Circular financing is a new and exciting research area that covers how financing, financial markets and financial actors are affected by a transition from a linear to a circular economy in theory and practice, at all levels of the economy.
At the micro level, the individual companies and the financiers are affected. As companies increasingly switch to circular business models, and especially those that involve retained ownership of the product, so-called product-as-service or functional models, the conditions and need for financing will change. Maintaining ownership of products for rental or functional sales in multiple use cycles over a long period of time instead of selling directly after manufacture or possibly after a shorter period in stock, means that the manufacturing company's balance sheet becomes larger (more capital is tied up on the asset side) and that cash flow changes. It decreases in the short term, but increases in the long term. The company's financiers - both internal (owners) and external (banks and other financial institutions) - must understand the changing needs and how processes, routines, risk assessments, evaluation criteria, etc. are affected by it.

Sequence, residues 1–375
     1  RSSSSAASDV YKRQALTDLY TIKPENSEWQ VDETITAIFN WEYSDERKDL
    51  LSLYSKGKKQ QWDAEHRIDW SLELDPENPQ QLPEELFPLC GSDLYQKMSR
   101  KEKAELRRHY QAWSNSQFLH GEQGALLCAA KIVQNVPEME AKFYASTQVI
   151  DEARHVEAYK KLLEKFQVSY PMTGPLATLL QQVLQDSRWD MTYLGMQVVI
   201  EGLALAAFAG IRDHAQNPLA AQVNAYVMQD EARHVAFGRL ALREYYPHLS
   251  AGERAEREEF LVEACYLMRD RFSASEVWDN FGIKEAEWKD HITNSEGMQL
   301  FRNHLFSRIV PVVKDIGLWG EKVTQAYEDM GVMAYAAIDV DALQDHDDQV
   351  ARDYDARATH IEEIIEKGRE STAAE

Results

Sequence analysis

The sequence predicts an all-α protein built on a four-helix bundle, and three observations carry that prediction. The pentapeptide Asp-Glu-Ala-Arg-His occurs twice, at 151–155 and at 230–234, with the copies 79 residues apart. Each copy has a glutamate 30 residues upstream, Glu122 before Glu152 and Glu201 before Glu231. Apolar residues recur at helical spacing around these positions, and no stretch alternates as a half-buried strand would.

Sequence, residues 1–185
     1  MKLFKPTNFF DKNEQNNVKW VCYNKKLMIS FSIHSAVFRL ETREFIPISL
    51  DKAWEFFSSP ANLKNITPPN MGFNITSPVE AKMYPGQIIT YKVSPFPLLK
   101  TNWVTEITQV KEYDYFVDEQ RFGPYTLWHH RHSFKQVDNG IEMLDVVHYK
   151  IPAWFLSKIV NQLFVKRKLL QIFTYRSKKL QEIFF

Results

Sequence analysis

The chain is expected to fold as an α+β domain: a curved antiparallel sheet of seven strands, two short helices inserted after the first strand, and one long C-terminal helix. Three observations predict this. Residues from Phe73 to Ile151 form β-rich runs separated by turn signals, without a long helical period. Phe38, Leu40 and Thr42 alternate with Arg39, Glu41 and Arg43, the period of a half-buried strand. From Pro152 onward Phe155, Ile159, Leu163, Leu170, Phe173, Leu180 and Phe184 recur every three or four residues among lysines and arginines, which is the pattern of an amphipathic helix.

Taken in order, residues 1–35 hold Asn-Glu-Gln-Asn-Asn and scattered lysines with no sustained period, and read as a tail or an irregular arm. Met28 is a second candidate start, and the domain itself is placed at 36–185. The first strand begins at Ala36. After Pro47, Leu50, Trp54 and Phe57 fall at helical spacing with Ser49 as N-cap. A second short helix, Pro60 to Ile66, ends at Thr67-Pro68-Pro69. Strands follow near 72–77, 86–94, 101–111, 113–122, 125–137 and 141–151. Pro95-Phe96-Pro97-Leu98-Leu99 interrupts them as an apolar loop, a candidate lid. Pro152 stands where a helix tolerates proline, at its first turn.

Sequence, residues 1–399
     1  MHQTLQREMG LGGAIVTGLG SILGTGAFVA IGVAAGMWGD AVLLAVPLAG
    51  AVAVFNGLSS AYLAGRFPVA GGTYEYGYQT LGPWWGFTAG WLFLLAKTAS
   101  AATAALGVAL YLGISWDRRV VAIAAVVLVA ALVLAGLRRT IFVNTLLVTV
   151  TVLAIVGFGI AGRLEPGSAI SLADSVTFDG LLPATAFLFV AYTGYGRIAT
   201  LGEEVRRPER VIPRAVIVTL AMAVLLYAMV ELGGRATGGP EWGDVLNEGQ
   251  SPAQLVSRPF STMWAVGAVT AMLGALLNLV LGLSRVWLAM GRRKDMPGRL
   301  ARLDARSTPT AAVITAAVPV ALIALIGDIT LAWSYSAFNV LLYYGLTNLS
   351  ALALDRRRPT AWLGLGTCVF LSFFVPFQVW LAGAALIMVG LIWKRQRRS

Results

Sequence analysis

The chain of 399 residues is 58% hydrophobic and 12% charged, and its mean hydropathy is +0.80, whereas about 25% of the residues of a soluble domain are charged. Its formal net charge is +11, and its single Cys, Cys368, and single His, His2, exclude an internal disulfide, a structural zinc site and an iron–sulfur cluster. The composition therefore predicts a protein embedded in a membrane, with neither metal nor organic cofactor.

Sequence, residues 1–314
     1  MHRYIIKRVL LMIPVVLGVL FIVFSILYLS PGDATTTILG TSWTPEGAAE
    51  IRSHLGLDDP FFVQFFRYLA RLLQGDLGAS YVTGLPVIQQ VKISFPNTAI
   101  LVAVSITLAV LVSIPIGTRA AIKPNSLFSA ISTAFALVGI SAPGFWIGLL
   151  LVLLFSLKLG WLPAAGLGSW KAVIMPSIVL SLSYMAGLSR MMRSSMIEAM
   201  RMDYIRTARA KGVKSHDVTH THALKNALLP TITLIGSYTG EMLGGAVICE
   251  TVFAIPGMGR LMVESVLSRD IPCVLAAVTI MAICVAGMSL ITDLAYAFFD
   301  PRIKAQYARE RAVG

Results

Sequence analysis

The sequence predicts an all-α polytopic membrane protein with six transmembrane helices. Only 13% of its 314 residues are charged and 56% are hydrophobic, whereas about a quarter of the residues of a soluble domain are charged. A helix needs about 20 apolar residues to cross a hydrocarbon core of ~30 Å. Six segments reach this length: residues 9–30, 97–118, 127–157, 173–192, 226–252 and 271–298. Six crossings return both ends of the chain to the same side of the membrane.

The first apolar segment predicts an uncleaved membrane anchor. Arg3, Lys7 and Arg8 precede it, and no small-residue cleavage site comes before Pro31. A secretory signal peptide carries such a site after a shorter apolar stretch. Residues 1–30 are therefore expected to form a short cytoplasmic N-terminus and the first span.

At the meso level, this in turn affects how manufacturing companies and financiers collaborate, how they share information and data, and the need for transparency to be able to assess risk and opportunities across a business ecosystem, which also includes customers' customers.
Financial markets, financial actors and financial instruments at macro level will also be affected. If the real economy becomes more and more circular and is based on principles of closed material loops, slow material flows and long product lifetimes, then these principles need to be reflected also on the financial and monetary side, so that these flows become more long-term and value-creating
There are many new exciting angles to explore regarding the role of finance in a circular economy. Please contact us if you want to know more.